By Elizabeth Balassone
This summer, in the midst of preparing for my first trial, I received a voicemail that was (admittedly) a complete shock: CYLA Chair Shawtina Ferguson had called to congratulate me as the recipient of the Jack Berman Award of Achievement for commitment to pro bono service.
Learning about Jack Berman was humbling in every sense of the word: Mr. Berman was an incredible young attorney killed in the 101 California Street shooting. At the age of 36, he had already made partner at Bronson, Bronson, & McKinnon; become President of the American Jewish Congress; and co-founded TAX-AID and the San Francisco Transitional Housing Fund. It is painfully obvious that Mr. Berman demonstrated outstanding service to our profession and our community here in San Francisco—and that we lost him far too soon.
Reflecting on Mr. Berman’s legacy encouraged me to reflect on my own pro bono work this year. As we know too well, the depth of need for pro bono service seems indefinite. So how are we drawn to the pro bono matters we choose?
The common thread among my current pro bono cases is that they are class actions. One class action case involves correcting an unfair process for thousands of people who were denied Social Security benefits. These are people who are among the most vulnerable members of our community, and they were not told that the doctor who evaluated their eligibility for benefits they desperately needed had been later disqualified based on widespread allegations of deficiencies in the quality of his examinations.
Another case challenges the conditions in short-term detention facilities with the Tucson Sector of U.S. Customs and Border Protection. In those facilities, thousands of civil detainees—including asylum seekers, pregnant women, and U.S. citizens, some of them toddlers and infants—are held under punitive, inhumane conditions of confinement. These men, women, and children are packed into overcrowded and filthy holding cells with the lights glaring through the night; exposed to brutally cold temperatures; deprived of sleep; and denied adequate food, water, health screenings, medical care, basic sanitation, and hygiene items. They too are a particularly vulnerable population as they are held virtually incommunicado while the government decides their fates.
I knew immediately I wanted to work on both of these cases. Why? I think they were compelling to me because it was not about getting a good outcome for a single client. It was about trying to change processes and conditions that were wrong, had already impacted thousands of people, and could impact countless more to come.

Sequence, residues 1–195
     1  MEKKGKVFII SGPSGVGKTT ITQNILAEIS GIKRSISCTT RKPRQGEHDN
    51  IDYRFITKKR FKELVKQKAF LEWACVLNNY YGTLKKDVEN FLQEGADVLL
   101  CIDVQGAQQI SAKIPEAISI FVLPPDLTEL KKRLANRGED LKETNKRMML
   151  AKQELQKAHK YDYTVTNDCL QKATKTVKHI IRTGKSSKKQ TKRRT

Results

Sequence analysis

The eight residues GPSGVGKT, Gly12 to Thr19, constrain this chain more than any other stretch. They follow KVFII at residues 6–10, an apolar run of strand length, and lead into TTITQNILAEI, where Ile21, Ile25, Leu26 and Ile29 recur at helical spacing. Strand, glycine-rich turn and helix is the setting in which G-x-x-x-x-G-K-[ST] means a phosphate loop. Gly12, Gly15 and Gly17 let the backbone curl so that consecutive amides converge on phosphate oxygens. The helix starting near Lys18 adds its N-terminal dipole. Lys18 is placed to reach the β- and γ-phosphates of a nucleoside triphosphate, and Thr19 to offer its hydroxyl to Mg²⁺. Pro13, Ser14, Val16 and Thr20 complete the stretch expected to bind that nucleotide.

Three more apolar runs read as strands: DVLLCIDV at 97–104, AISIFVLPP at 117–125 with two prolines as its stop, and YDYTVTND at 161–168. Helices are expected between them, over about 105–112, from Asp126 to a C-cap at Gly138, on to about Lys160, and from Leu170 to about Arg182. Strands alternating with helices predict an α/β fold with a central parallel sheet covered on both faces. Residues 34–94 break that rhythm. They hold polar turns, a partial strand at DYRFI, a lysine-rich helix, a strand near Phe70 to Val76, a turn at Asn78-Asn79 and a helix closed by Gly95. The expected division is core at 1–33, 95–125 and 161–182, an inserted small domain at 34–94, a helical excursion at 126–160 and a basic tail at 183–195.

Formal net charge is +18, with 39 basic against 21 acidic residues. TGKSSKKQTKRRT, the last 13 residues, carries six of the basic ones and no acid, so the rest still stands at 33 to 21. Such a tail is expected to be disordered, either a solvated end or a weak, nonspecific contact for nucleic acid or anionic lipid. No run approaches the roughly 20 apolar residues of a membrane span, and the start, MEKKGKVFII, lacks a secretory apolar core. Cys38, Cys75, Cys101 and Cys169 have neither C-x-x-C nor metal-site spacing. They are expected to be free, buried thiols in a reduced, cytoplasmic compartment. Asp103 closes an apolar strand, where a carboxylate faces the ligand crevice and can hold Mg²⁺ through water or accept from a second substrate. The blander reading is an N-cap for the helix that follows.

These pro bono class action cases have also helped me develop skills that bear directly on my practice as a litigator. Thanks to trust (and tough prep questions) from my supervising partner Will Stern and co-counsel at Justice in Aging and Legal Aid Society of San Mateo County, I got to do my first oral argument in federal court. And, shortly thereafter, I got to do my second oral argument in federal court. In fact, junior attorneys can now point to specific judicial orders to advocate for such opportunities. For example, in civil cases before many of the judges in the Northern District of California, a party may submit a written request stating that a lawyer of four or fewer years out of law school will conduct oral argument, and if that request is received before the Court’s ruling, the Court will hear oral argument on the principle that junior lawyers need more opportunities for appearances than they typically receive.
Simply put, the experiences I have gained from these pro bono class action matters have made me a better lawyer. They have helped me hone skills that I bring to the rest of my practice. And, at the end of the day, every success we have for our pro bono clients is a particular and wonderful honor.
Elizabeth Balassone is an associate at Morrison Foerster in San Francisco, California. Her practice focuses on complex civil litigation, with an emphasis on the defense of class actions.